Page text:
Celebrating Senior Pets

In light of our upcoming senior celebration, I thought I would start off my first ever post congratulating everyone who has a senior pet and has loved them to the very fullest for the best years of their lives!

Although the idea of having a senior pet may be unwelcomed and at times heartbreaking thinking about that “inevitable day”, I enjoy thinking about the wonderful things senior pets have to offer. Being the pet mom of a senior pup myself, I find myself waiting for the day that calm will wash over him and he’ll curl up by the fire like staged perfection on the cover Modern Dog magazine. But then, of course, the reality is I want nothing more than for him to live forever. As much as we need our pets to keep us young at heart, they need us just the same. The inspiration for my job as a technician and the muse of almost every topic of conversation, every picture that I take and the topic of probably every blog I will ever write, entered my life under the most extraordinary of circumstances.

The moment I decided to spread my wings and leave the nest at the tender age of 20, I left behind the memory of what I called “the first true love of my life.” At 4 years old my dad handed me a small white ball of fur and told me he was my puppy. That puppy grew into a troublemaker, my brother, and my best friend. When Niko passed away at 16 a part of my heart died with him. I never did think a part of my heart could love like that again and I can’t say I was prepared to. I moved to a different city and to a new apartment with no intention of burdening my heart like that again. But when my boyfriend starting talking about getting his very first dog only months later I was intrigued by his decision of wanting to take on such a burden. I quickly understood why.

It wasn’t long before we started discussing breeds, boy or girl and when. Trying to be a good sport about his excitement I decided to make a deal with him. He could choose the breed and I would choose a female (because having a male would be too heartbreaking) and the when. I wanted to wait at least a year after Niko died and pay tribute to him. When he told me he wanted a Dobermann I hardly knew what to do with that information. I knew nothing about the breed and hadn’t even met one before. But he had spent most of his childhood fantasizing about having a Dobermann and read just about every book ever published. He had even done the research on finding a reputable breeder.

With the summer coming to an end and fall starting to roll in, spring (puppy time) could be considered months away when you take into account crazy holidays. So the search began for a breeder who would be having puppies come the spring.

I will never forget the morning I got into that car. I was already half bundled up in a sweater and mittens protecting myself from the cool breeze. We drove an hour and a half north of the city to a small town and parked in the driveway of an even smaller house. It was seconds before the ferocious roar of the protector came from the front bay window. Her tall pointy ears completed the stereotypical beware of dog sign. My heart pounded in my chest and I could feel the sweat building on my forehead. She was terrifying. As we approached the door my boyfriend naturally kept his cool and I tried to keep mine. When the breeder opened the door out came Grace, ears back and almost smiling. It was comforting. My heart began to settle as we entered the thresh hold of the small house and turned to anticipating when I heard little squeaks coming from the basement. As the breeder began to talk about her breeding plans, her studs and bitches and the history of her kennel, all I could think about was the little noises.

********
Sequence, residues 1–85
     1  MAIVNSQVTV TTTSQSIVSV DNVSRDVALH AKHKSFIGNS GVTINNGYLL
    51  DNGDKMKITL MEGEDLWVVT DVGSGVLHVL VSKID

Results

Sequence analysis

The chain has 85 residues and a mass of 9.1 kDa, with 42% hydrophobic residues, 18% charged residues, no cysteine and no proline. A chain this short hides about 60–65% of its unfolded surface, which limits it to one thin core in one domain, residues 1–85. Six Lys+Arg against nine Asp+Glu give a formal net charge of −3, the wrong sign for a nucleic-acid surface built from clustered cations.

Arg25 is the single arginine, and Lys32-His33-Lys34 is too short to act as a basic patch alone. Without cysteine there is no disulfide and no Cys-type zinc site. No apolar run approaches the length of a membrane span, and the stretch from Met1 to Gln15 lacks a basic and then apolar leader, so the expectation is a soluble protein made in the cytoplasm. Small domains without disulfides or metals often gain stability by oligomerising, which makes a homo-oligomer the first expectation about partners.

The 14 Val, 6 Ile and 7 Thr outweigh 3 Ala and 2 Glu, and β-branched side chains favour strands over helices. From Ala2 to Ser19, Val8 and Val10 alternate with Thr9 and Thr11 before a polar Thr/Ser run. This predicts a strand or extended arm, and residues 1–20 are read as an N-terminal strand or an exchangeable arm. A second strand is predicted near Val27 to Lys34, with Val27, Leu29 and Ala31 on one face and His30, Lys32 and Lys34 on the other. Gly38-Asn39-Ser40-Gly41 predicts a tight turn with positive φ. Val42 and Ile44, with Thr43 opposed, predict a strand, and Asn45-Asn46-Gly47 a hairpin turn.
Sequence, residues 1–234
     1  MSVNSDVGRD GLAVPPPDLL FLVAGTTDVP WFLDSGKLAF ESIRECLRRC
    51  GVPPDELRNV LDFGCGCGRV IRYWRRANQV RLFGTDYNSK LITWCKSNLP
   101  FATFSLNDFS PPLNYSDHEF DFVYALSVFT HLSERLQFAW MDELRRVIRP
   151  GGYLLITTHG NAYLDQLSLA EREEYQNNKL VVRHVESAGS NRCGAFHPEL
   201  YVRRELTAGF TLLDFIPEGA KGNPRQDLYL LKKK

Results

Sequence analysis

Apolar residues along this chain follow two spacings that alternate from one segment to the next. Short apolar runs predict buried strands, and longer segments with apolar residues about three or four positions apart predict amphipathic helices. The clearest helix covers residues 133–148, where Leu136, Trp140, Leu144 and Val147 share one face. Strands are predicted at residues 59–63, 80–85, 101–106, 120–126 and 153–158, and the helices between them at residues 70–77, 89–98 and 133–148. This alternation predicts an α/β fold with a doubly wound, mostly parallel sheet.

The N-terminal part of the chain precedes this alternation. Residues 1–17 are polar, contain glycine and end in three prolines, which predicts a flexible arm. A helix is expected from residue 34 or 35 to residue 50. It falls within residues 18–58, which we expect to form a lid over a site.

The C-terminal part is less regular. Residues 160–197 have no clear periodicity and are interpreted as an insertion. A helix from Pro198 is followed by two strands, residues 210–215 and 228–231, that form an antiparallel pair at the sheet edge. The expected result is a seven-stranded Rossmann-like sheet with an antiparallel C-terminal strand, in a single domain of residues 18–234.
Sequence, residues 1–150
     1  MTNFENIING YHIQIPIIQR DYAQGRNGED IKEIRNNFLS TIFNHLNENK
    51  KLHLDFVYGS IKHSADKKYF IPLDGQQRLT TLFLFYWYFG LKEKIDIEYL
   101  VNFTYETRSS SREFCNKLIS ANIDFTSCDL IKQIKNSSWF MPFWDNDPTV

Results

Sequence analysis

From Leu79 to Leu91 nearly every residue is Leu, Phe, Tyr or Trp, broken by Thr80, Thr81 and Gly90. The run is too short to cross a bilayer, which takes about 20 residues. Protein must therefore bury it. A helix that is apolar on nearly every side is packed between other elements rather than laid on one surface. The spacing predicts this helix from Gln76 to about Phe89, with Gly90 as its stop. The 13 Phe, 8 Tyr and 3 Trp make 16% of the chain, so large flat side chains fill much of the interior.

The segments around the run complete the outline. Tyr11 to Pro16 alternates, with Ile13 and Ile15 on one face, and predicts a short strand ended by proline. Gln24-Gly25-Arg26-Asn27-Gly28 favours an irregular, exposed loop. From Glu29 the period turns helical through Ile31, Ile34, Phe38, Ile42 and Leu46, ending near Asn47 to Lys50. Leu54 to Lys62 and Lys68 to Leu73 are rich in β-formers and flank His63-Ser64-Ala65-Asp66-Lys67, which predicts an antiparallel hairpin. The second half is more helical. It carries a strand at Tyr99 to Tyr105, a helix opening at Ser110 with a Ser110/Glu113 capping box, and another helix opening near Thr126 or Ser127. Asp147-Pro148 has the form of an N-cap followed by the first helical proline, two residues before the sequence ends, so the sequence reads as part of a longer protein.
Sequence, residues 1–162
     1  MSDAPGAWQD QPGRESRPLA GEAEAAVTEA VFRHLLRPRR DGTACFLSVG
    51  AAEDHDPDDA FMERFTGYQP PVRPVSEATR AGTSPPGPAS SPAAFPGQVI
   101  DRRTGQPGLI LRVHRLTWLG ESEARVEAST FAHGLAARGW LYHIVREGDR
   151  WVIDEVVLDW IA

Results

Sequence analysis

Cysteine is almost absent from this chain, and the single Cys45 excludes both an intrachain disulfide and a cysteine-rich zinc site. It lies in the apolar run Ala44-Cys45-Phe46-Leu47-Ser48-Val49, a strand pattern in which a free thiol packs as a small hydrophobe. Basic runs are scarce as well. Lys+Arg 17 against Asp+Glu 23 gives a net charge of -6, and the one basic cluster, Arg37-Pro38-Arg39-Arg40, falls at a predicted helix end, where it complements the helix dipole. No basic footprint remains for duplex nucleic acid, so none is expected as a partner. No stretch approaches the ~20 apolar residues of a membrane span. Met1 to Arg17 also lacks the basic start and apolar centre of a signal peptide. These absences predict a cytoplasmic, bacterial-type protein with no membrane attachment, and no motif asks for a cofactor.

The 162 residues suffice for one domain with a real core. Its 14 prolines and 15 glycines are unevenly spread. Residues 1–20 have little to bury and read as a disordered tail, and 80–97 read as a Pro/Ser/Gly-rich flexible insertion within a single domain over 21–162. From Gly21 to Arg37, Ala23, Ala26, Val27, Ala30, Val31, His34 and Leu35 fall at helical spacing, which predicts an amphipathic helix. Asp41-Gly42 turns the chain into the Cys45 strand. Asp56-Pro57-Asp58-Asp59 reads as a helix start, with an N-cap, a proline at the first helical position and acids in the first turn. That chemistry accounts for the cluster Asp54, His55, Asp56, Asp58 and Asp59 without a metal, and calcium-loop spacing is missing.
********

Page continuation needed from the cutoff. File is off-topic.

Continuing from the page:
Finally, she led the way to a miniature wire cage, housing 10 perfect little puppies all eager to meet us. Well aware we had no intention of getting a puppy, both the breeder, my boyfriend and I carried on a general conversation about “when you get your puppy” and “in the spring when you bring her home…” Still, my eyes fixated on those little creatures demanding our attention.

The breeder gave in to her petite troublemakers and put little green collar boy on the floor for us to goo at. He ran and investigated every corner of the basement, and ignored us. I was a little bummed about that but he was still fun to watch. Then, the breeder placed little no collar boy on the floor, and he too investigated his surroundings, but not for long. I patted my hands on the cold ceramic tile until he reacted to my attention. Minutes later, little no collar puppy was snuggled into my chest looking up at me with little cherry eyes. I was suddenly overwhelmed with emotion. This little creature had just made a home in the place in my heart that I thought would never be filled. In just seconds, he had managed to ease the pain of the loss of my best friend. It was as if he knew he could never replace him, but he would love me all the same anyways. At that point, there was no question in the matter. As I handed the little 8 lb monster over to my boyfriend so they could be acquainted, I implied that he was ours.

When we left that house the sheer shock that I was about to be a dog mom washed over me, but it was joyful. So joyful in fact that he became the light of my life almost instantly. He has become not only my baby, but a shoulder to cry on, a friend to laugh with and most importantly the best teacher I will ever have. He has taught me to love without boundaries, to cry when I’m sad because he will always be there, and to laugh every day because life is too short to worry about that “inevitable day”. Because he doesn’t. He wakes up every morning and lives as though it’s his last. And because of the inseparable bond we have, I wouldn’t give him anything less.

So today, I celebrate Ryder. Not only because he’s a senior, but because he lives every day to the fullest, and he reminds me to live the same.


Written by Sam Bruno, RVT